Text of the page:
PD Poll Question
Artículos más leídos
- Consejos de un manejo seguro durante el invierno
- Luis Rodriguez: Connecting the different areas of a dairy
- ¡Cuanto más tiempo espere, más puede perder¡
- Cómo recortar: una fisura axial
- 0307 EL (español): Veinte consejos para criar becerros sanos
- 0608 EL: Diarrhea in cows and calves
- 0907 EL (español): Anatomia del casco de la vaca
- Manejando para procurar éxito en un establo de California
- Empleados que nadie quiere: ¿Quien es culpable?
- Herdsmen and foot trimming
|El Lechero Dairy Basics - Calf and Heifer Raising|
|Written by Dr. Travis Thayer|
|Friday, 31 October 2008 17:00|
There are several different diseases that can cause diarrhea and fever in cows and calves. Salmonella bacteria is one of the worst causes of this disease in cows and calves. Salmonella bacteria can affect all ages of dairy cattle, including calves, and signs of Salmonella disease take on several forms. There are many different types of Salmonella that cause disease in cattle. These different types are all part of the same species, Salmonella enterica, but are distinguished from one another based on antibody binding in the laboratory, also called serotyping. When you read about different types of Salmonella on dairies (e.g. Salmonella Newport, Salmonella Typhimurium, etc.), they are referring to the specific serotype of bacteria found on that farm. Another important point about Salmonella bacteria is that people can get infected with Salmonella also, and it can make you very sick. It is very important that people handling any animals with diarrhea wear gloves and wash hands, equipment, and clothing before eating, going home to their family, or handling other animals.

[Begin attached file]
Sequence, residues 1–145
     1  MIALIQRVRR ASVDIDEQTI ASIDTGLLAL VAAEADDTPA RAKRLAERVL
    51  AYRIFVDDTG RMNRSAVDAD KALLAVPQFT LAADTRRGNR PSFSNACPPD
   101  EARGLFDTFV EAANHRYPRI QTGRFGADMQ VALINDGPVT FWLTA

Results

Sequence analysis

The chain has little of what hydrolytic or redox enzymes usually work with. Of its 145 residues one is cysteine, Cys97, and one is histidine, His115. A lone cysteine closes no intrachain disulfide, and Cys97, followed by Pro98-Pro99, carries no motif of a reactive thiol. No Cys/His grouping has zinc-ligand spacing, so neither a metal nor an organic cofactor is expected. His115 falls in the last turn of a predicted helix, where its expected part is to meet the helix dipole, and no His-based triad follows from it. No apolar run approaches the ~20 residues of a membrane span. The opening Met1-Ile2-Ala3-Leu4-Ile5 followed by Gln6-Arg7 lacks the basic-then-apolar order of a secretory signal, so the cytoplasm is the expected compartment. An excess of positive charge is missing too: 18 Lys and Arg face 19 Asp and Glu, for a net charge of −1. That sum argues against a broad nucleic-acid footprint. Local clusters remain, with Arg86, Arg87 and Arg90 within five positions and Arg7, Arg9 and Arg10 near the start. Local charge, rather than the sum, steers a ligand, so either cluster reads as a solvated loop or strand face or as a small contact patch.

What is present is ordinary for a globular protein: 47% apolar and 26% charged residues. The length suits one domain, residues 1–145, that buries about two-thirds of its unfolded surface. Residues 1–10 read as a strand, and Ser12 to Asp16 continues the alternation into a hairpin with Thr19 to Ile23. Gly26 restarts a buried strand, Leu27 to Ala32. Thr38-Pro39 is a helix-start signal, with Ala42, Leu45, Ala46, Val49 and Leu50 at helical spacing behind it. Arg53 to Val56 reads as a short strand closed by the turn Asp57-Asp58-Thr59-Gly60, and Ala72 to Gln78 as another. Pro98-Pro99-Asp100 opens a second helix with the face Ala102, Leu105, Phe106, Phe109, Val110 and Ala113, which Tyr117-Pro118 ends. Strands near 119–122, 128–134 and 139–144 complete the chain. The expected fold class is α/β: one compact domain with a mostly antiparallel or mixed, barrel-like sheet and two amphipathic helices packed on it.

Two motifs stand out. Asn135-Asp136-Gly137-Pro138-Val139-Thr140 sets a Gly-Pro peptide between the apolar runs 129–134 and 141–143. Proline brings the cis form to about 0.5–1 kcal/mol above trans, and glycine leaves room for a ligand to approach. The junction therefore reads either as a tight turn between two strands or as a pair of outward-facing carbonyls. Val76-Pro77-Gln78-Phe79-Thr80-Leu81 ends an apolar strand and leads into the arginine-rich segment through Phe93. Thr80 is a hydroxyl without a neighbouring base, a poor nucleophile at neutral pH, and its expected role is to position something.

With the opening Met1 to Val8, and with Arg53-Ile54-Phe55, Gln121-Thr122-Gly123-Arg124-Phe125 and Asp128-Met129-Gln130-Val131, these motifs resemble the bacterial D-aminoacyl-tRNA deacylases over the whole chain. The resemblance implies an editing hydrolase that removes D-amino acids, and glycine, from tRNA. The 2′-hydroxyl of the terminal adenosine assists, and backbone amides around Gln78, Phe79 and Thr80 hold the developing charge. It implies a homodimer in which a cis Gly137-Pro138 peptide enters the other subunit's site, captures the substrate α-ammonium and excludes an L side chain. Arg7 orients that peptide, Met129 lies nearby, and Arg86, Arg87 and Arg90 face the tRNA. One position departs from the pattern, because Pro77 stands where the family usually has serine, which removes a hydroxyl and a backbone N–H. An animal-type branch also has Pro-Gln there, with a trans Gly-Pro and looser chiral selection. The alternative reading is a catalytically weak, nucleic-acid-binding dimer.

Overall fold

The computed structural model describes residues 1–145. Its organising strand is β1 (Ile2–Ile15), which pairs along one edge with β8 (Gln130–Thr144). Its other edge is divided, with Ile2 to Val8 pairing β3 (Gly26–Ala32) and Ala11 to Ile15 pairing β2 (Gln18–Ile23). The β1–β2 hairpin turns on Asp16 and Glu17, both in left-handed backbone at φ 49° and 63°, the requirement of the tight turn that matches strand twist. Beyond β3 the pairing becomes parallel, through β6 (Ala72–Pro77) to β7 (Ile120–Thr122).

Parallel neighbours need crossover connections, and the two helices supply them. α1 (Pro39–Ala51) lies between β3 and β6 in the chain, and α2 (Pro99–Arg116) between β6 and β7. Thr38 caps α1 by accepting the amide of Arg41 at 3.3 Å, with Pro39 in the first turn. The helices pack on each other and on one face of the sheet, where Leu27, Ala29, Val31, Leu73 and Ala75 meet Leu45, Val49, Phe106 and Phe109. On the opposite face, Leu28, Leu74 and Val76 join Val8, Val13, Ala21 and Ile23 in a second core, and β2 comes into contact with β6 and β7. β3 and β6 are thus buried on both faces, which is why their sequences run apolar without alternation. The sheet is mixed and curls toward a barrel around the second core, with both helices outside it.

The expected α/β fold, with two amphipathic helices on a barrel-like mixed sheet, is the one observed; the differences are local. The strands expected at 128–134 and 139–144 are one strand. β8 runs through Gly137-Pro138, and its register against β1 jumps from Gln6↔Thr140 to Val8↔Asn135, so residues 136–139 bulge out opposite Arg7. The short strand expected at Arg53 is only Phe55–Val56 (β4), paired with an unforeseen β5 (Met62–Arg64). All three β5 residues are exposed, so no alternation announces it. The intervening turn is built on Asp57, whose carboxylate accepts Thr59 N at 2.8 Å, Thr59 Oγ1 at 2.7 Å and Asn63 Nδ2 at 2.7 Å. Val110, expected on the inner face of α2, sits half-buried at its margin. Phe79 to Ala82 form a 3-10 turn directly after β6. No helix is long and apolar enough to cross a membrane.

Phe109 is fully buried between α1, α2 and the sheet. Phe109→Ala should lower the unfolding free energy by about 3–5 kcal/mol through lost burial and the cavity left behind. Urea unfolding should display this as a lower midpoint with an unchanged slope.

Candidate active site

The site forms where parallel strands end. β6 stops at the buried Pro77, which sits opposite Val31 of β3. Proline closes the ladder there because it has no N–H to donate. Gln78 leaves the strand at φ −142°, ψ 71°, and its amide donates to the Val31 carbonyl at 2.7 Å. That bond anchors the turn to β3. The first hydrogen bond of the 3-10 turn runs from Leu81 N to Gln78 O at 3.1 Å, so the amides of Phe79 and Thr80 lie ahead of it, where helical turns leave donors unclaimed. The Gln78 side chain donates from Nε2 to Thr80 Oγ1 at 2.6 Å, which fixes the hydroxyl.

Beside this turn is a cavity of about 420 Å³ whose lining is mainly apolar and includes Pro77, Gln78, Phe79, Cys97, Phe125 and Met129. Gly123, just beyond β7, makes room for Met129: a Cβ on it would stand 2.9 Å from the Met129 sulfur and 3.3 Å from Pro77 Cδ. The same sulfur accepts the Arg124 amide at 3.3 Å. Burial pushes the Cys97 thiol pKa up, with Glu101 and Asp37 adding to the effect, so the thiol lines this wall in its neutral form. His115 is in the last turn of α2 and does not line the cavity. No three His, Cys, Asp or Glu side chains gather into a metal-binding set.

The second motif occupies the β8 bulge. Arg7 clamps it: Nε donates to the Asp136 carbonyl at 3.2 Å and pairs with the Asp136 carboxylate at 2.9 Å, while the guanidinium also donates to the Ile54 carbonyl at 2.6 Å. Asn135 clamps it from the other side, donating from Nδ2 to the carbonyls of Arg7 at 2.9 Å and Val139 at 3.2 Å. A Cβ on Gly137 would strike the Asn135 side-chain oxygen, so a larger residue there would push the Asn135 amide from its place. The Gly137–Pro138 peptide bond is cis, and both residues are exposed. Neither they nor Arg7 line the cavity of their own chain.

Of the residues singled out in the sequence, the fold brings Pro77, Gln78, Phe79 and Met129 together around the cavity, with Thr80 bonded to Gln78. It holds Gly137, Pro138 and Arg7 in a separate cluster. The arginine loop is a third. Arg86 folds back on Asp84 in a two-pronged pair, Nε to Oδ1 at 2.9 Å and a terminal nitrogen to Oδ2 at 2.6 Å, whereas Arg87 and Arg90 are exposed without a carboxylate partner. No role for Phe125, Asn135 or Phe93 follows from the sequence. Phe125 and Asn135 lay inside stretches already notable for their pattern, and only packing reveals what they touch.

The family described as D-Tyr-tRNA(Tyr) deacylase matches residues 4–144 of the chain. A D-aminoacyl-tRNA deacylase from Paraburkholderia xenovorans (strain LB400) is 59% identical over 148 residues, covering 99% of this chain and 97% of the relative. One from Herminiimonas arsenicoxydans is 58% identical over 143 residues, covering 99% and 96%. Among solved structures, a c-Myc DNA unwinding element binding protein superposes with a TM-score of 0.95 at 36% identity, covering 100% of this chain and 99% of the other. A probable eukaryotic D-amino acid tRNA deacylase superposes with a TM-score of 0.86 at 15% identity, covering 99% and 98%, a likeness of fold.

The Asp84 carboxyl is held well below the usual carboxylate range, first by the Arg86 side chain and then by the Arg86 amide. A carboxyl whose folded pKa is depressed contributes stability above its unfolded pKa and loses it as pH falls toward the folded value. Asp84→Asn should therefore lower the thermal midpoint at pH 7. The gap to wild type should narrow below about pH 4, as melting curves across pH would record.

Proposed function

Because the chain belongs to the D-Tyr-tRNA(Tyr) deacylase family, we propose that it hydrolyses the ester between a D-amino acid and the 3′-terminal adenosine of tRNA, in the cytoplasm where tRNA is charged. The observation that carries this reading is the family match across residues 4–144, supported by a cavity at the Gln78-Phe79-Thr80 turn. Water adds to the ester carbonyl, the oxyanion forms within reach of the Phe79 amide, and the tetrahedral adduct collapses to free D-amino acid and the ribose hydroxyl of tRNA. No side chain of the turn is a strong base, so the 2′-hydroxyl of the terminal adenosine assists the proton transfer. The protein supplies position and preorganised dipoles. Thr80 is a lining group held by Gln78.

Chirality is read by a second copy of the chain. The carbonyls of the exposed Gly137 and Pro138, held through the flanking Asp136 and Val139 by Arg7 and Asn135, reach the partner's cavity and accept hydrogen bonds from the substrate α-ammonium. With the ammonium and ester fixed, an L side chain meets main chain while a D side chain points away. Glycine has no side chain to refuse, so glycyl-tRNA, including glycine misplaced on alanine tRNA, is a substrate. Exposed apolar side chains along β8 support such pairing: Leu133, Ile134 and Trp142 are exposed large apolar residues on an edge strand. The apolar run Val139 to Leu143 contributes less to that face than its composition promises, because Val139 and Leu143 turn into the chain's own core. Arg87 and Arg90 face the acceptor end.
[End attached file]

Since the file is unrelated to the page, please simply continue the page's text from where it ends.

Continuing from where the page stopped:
In adult cows, the most common sign of Salmonella infection is a severe, foul-smelling, bloody diarrhea, often with a high fever. One might also see chunks of a yellow material from the intestine, called fibrin. Salmonella is a very serious infection and many cows do not survive even if the infection is caught early and aggressively treated. Even cows that recover from the infection may not regain the milk production they lost during their illness, which may result in them being culled. In very severe cases, one might see cows dying with no previous indication of illness or diarrhea. Diagnosis in that case would be based on the findings of a necropsy, as well as bacterial cultures of affected tissues.